Hurricane Irma shocked the country this week with images of wind and water that haven’t been seen in some time along the hurricane-wary coastlines of the United States. Although people in those regions always have preparation for these storms somewhere in their minds, the two Florida Power & Light (FPL) nuclear plants—both of which powered through the hurricane—had both a background of design and preparedness to stand on as well as some recent, last-minute preparations.
According to Florida Power & Light, both of its nuclear plants (two units at St. Lucie, and two units at the Turkey Point power station) have been constructed 20 feet above sea level, in order to protect them against the dual threats of floods and storm surges. The plants have been designed for the rugged environment sometimes occurring along the hurricane coast and, according to FPL, the two plants “have been specifically built to withstand natural disasters such as hurricanes, tornadoes, earthquakes, and tidal surges.”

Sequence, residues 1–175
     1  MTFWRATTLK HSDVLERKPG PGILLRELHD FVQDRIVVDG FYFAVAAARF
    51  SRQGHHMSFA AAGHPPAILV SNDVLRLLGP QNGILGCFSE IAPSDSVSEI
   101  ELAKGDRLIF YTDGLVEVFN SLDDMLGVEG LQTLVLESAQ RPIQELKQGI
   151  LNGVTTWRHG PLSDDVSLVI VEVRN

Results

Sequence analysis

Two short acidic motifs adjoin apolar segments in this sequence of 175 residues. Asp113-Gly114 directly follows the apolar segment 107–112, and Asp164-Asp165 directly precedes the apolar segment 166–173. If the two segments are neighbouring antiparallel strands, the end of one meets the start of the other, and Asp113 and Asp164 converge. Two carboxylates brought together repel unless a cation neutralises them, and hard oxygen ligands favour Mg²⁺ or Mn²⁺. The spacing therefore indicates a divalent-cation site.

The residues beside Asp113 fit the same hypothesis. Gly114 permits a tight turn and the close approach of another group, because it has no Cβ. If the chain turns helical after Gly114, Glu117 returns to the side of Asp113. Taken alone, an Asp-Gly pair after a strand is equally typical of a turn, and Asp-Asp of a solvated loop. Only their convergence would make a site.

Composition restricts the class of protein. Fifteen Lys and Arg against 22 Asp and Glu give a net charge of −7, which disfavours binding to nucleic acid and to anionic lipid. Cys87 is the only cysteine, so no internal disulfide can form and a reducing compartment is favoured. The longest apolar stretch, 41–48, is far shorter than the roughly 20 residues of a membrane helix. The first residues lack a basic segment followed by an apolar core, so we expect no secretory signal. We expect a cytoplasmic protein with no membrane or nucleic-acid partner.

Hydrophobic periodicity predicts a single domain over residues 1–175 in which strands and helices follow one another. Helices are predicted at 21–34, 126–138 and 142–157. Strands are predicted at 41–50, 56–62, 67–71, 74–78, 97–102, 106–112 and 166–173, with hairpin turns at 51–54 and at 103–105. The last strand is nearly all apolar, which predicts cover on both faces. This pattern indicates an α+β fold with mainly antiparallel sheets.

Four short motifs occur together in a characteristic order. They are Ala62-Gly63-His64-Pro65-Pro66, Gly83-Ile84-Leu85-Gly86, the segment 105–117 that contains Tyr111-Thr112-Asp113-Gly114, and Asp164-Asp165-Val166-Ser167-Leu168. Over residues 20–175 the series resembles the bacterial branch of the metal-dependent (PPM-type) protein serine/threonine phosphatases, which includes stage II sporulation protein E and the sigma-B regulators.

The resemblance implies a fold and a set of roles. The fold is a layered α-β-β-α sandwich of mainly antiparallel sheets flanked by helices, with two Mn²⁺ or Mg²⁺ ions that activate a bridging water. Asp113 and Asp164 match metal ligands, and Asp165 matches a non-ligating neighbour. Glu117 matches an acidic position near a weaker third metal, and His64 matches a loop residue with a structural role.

Read more at http://ansnuclearcafe.org/2017/09/12/floridas-nuclear-plants-power-through-hurricane-irma/#sthash.tvwgCe6z.xSD3btqq.dpbs.
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